He was a founder and promoter of Cairdeas na bhFidileiri ( along with several others preserving the spirited music of the northwest overlooked for too long. 

The restored castle holds about 100 or so and was just perfect for this musical seminar filled with humorous remarks by McLaughlin between tunes rendered deftly.  

Fiddler Michelle O’Brien (Clare) and harpist Laoise Kelly (Mayo) reprised a duet performance from 2010 in the castle as well on Saturday which was both sonically and picture perfect venue for them.   
The Thursday night concert was divine and diverse. Opening were three young men working through the Irish and Appalachian tradition in Caoimhin O’ Raghallaigh (Dublin), Cleek Schrey (Virginia) on fiddles and dancer Nick Gareiss (Michigan).  

They gave a smart, intelligent performance extremely well choreographed musically, and through the footwork of the young impressive American dancer Gareiss from start to finish including a stylish triple turn move.  

Schrey and Gareiss also attracted 41 dancers to an early workshop on the Saturday morning.  They were followed by Martin Hayes and Dennis Cahill, who mesmerized the audience once again as a dazzling duo with great energy and drive and changes of speed and emotion.   

The attention given to both acts in the marquee was notable as well and spoke volumes about the quality of the people who attend.

Friday started with a concert for local school children hosted by the Cork County Council as one of the community building aspects of the fair. 

Setting the early alarm clocks were Tim O’Brien and Kevin Burke, Schrey and Gareiss (all resident in the U.S.) to help entertain and inform the youngsters which is sure to make future fans of traditional music and dance among them.  

The evening concert would once again swing from green grass to bluegrass which was a common theme all weekend with O’Brien and Dirk Powell on hand.   

Tyrone fiddler Cathal Hayden and guitarist supreme Arty McGlynn opened the night with a fantastic set enhanced by the McGlynn jokes throughout the performance.   

The Foghorn String Band followed and gave ample evidence of why they have been asked back again and again as the quartet was strengthened with multi-instrumentalist and vocalist Powell.

Joining Altan on the Saturday night card were Dermie Diamond (Belfast fiddler) and singer guitarist Frankie Lane, who gave a great opening performance before Altan raised the tent roof with one of their classic shows featuring much of their new album, The Poison Glen.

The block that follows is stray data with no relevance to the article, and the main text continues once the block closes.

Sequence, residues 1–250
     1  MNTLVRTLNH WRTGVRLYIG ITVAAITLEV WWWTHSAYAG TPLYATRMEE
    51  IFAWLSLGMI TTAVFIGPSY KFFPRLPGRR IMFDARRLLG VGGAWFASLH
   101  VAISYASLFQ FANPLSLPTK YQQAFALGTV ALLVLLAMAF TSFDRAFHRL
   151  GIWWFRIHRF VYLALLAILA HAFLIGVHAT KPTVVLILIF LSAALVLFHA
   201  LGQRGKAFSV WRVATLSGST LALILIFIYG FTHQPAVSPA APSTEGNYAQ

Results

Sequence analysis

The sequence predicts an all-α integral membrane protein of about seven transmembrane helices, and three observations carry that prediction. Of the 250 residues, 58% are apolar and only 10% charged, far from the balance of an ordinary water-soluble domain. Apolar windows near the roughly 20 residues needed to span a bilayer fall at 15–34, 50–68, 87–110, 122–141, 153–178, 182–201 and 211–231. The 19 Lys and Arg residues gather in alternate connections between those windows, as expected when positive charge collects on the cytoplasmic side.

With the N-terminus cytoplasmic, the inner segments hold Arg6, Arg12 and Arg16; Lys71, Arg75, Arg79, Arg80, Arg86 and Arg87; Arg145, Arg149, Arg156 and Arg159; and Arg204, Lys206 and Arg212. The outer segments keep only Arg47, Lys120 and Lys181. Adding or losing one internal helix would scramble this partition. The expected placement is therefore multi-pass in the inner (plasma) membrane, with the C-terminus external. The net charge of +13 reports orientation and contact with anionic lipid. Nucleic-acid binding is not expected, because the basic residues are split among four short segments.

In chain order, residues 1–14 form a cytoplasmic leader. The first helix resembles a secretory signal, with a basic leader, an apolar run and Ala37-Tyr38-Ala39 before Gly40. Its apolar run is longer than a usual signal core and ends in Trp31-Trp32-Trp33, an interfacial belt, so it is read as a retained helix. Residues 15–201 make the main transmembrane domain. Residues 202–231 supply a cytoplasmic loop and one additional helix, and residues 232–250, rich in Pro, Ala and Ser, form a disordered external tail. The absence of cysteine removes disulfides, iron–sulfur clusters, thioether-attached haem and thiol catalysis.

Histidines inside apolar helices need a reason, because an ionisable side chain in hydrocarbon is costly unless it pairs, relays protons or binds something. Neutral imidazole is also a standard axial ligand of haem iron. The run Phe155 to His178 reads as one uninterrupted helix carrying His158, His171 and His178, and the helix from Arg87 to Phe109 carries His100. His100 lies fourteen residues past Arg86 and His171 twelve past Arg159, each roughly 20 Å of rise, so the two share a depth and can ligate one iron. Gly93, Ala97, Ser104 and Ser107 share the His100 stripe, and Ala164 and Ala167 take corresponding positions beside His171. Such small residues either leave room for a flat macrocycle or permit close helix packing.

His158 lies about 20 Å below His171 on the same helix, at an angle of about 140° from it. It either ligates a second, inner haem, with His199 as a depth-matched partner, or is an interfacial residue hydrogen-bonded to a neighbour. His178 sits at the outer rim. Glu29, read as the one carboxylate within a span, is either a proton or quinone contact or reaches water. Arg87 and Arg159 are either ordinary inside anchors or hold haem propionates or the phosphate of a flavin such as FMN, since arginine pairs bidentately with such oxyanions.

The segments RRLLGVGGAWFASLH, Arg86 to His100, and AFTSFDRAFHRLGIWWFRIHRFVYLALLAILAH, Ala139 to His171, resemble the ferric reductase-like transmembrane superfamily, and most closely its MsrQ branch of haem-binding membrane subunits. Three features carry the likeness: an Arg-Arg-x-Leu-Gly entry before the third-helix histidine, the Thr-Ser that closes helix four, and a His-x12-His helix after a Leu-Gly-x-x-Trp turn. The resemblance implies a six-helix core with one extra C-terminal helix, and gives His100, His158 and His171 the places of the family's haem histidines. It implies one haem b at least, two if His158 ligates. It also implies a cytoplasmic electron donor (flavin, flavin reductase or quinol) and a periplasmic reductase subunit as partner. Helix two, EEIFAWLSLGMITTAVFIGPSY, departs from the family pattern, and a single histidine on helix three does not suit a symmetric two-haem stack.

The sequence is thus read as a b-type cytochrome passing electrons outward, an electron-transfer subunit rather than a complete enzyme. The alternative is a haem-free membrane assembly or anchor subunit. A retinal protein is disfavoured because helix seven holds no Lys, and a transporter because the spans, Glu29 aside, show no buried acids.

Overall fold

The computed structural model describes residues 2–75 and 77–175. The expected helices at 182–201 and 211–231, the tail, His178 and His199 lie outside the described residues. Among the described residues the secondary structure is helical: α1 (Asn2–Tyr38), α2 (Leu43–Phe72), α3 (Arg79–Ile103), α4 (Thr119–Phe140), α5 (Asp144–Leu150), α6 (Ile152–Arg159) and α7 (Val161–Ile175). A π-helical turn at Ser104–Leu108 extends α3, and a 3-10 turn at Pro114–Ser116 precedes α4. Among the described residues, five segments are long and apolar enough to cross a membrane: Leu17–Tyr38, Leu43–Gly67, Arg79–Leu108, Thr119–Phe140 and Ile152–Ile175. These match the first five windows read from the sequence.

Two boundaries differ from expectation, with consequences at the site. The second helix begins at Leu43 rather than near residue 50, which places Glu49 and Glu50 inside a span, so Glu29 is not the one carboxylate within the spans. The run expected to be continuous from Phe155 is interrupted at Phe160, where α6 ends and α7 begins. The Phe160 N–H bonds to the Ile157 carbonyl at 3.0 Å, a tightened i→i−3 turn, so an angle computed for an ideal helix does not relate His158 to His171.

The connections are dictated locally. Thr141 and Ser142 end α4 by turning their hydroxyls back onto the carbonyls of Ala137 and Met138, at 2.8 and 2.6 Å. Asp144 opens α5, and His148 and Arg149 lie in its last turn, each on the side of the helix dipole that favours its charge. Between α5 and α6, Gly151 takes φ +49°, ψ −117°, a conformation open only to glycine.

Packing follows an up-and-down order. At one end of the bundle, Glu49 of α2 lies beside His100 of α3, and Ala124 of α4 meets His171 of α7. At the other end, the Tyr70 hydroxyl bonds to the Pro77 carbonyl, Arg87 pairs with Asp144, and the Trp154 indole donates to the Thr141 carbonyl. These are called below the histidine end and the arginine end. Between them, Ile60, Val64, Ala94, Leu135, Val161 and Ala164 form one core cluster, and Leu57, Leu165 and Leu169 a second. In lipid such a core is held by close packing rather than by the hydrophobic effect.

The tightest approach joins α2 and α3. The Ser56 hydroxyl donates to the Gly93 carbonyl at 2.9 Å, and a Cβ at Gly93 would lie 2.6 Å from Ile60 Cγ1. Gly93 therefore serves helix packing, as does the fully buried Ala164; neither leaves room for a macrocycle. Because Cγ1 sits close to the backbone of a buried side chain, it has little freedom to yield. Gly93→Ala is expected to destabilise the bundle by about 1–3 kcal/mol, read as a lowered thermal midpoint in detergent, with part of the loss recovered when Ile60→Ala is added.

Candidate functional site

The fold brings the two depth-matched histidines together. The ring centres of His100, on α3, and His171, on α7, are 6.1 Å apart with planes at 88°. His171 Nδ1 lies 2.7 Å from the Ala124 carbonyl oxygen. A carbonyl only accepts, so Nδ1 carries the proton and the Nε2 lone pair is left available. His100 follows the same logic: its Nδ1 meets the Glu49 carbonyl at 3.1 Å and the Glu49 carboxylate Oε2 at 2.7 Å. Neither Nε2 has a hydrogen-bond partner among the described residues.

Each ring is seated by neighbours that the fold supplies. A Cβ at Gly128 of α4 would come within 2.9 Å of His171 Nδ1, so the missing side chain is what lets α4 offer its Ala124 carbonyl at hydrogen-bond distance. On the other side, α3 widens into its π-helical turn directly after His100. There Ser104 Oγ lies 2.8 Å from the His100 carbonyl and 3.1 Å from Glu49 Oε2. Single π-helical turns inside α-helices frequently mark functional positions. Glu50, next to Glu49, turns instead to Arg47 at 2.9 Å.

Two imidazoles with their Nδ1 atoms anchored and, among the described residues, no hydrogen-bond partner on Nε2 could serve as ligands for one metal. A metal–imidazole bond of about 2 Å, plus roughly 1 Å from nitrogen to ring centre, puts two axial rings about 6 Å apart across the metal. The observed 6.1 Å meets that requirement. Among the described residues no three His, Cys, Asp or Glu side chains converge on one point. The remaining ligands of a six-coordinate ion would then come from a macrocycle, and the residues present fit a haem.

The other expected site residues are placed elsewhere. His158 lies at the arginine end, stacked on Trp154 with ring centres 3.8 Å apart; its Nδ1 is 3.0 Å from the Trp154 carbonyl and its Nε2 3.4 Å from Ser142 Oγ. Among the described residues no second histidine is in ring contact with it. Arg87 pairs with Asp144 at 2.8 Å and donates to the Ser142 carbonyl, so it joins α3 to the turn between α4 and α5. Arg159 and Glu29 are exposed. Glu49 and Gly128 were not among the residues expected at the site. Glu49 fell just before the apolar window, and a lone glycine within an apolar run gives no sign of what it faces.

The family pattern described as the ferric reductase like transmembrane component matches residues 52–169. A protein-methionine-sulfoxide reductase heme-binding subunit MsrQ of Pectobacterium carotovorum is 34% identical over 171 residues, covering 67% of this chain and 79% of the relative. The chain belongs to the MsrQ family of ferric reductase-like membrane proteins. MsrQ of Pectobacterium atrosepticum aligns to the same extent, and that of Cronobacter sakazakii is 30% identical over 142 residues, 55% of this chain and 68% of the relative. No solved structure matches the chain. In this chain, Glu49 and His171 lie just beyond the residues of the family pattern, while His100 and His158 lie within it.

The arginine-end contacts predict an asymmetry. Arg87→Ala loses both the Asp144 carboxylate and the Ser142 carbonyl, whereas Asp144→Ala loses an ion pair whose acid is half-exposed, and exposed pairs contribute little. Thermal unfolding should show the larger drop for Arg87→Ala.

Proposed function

It was hard to know who enjoyed being there more, the band or the audience.

On the Saturday and Sunday afternoons, concerts were arranged for the grassy amphitheater at Glebe Gardens Café, one of the main venues, and Mother Nature cooperated with sunshine and warmth both days. 

Saturday was a clever enterprise dubbed “Second Fiddles,” showing off the fiddle prowess of Dermot Byrne, Derek Hickey, Michael McGoldrick and John Doyle backed up by McGlynn on guitar which gave further recognition to their collaborative skills.  

The Mystery All-Stars 
On Sunday afternoon, the Fiddle Fair Mystery All-Stars appeared, featuring most of the weekend’s entertainers who could stay for the entire weekend. It demonstrated what an exceptional esprit de corps exists at the Baltimore Fiddle Fair not only this special year but every year.

The Sunday night show teamed up bluegrass superstar Tim O’Brien with the London-born Kevin Burke, who have toured and performed together many times before as the opener.  

After a comical fancy dress interlude based on tune titles, the boys from Manchester, Dezi Donnelly, McGoldrick, John Joe Kelly and accompanist West Cork boy Jim Murray, performed a truly explosive set that was as powerful as any performance that I have witnessed anywhere. It capped the weekend magnificently.

Launched in conjunction with the festival was “Fiddle Fair 3,” containing live performances from the years 2007-1011 which is a fair sampling of the crossroads connections of the music performed here thanks to McCarthy. 

It is available via as is information on this year and the future festivals.

Director McCarthy was justifiably pleased that the weekend was enjoyed by record numbers without damaging its charm as a right-sized festival which he hoped would continue.  

On the last night he advised the crowd to “tell no one about it,” so if you should happen to attend a future Baltimore Fiddle Fair in early May, don’t tell him that you read about it here.